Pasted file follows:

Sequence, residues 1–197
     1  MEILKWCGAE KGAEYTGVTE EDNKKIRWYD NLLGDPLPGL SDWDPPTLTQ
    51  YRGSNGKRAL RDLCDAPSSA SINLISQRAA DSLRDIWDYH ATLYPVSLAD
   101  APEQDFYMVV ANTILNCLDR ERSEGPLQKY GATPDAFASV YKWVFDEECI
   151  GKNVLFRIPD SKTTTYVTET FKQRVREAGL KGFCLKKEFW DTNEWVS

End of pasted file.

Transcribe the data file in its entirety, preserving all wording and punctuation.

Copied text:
Sequence, residues 1–197
     1  MEILKWCGAE KGAEYTGVTE EDNKKIRWYD NLLGDPLPGL SDWDPPTLTQ
    51  YRGSNGKRAL RDLCDAPSSA SINLISQRAA DSLRDIWDYH ATLYPVSLAD
   101  APEQDFYMVV ANTILNCLDR ERSEGPLQKY GATPDAFASV YKWVFDEECI
   151  GKNVLFRIPD SKTTTYVTET FKQRVREAGL KGFCLKKEFW DTNEWVS